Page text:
South Africa has tax incentives in place to attract investment, Jan Van Vollenhoven, economic counselor at the South African embassy in Washington D.C., told attendees of a breakfast meeting of the South African American Business Association (SAABA) in Atlanta last week. But he also warned that projects requiring government financial support had little chance of success.
If you need money from our Ministry of Finance, the ministry will close the door on you, he said at the breakfast meeting held at the Atlanta law firm of Troutman Sanders. But if you can show that you will be able to save the ministry some money, you will be very welcomed.
Mr. Van Vollenhoven’s comment was made in response to a question concerning the opportunities available for providing technology training. He quickly added, however, that the World Bank was developing a project for the entire continent of Africa, which would promote the development of new telecommunications networks and long distance learning.
Kevin Langston, director of the international trade division of the Georgia Department of Industry and Trade (GDITT), said price competitiveness was fundamentally important for both traders and investors in South Africa, particularly in view of the depreciation of the rand.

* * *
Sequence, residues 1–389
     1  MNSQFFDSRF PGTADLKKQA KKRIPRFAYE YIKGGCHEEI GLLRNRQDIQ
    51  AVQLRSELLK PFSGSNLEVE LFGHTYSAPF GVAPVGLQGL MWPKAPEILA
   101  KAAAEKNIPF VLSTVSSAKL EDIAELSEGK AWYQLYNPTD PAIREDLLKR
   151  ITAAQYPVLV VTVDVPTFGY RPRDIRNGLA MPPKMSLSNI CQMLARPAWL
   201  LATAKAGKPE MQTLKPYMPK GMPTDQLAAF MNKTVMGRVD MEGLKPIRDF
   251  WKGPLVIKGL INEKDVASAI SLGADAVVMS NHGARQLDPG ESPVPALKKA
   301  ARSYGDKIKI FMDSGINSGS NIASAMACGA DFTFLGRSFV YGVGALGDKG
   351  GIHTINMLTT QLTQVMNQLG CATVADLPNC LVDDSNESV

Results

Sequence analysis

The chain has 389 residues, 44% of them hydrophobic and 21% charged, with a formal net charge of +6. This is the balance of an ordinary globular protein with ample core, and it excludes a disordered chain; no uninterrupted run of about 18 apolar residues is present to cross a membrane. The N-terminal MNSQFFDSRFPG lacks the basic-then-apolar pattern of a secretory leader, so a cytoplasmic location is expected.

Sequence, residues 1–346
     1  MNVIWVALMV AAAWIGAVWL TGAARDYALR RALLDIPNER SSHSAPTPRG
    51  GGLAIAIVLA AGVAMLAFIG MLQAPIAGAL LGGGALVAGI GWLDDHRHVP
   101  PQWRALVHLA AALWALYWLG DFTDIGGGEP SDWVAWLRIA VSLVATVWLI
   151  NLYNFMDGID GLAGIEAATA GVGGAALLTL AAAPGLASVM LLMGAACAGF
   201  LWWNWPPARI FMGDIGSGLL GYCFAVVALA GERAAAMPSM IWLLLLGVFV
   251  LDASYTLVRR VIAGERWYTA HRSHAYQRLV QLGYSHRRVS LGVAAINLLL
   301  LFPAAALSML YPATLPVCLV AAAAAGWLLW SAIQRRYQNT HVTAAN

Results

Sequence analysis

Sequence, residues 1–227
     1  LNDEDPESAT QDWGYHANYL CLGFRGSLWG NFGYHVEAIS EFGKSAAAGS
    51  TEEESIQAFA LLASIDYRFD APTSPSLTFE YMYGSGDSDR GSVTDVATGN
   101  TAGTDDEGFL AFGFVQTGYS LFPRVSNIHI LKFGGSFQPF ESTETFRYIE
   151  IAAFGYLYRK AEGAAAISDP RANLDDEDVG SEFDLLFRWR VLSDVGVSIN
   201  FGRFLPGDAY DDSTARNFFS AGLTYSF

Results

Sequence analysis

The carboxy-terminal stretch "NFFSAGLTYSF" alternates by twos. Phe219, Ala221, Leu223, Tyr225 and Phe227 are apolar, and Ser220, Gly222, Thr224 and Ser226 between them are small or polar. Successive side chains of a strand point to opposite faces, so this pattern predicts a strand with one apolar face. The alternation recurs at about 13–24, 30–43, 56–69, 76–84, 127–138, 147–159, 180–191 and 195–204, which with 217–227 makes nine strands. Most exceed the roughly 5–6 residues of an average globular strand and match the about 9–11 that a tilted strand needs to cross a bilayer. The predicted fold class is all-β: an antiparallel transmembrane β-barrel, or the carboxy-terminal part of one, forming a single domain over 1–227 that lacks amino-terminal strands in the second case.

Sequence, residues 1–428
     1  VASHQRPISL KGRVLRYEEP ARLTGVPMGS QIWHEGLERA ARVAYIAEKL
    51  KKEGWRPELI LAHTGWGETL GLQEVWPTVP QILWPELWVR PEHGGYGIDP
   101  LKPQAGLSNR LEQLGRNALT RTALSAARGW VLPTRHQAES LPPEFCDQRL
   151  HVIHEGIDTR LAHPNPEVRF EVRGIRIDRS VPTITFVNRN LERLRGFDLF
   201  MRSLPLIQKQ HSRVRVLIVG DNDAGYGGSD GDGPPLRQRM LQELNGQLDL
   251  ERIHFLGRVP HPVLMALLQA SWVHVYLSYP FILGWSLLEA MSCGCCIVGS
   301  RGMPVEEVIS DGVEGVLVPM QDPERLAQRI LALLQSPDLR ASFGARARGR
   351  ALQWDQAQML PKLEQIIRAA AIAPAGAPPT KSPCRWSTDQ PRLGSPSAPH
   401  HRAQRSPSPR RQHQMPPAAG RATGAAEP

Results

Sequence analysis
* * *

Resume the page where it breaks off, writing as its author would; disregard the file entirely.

The rand’s depreciation has made South Africa’s exports more competitive and its steel exports have been soaring, according to Mr. Van Vollenhoven, to the extent that the country is facing its first anti-dumping suit in the U.S.
U.S. exports to South Africa between January and August amounted to $2.3 billion while U.S. imports from there were not far behind for the period, amounting to $2.1 billion, he said.
He also reviewed South Africa’s detailed development plan, which is broken down into eight regional initiatives. Within each initiative particular economic sectors are emphasized.
Donald Keene, a former regional legal counsel for Southern Africa for the U.S. Agency for International Development (USAID), is the GDITT’s representative there and may be reached by E-mail at Donald@GTRO.CO.ZA
Other useful web sites cited by Mr. Van Vollenhoven are that of its Department of Trade and Industry at wwwdti.pwv.gov.za/dtiwww/
and www.isa.org.za To learn about other SAABA programs, call Michele Gelb at (404) 885-3642; fax, (404) 962-6567. Her E-mail address is email@example.com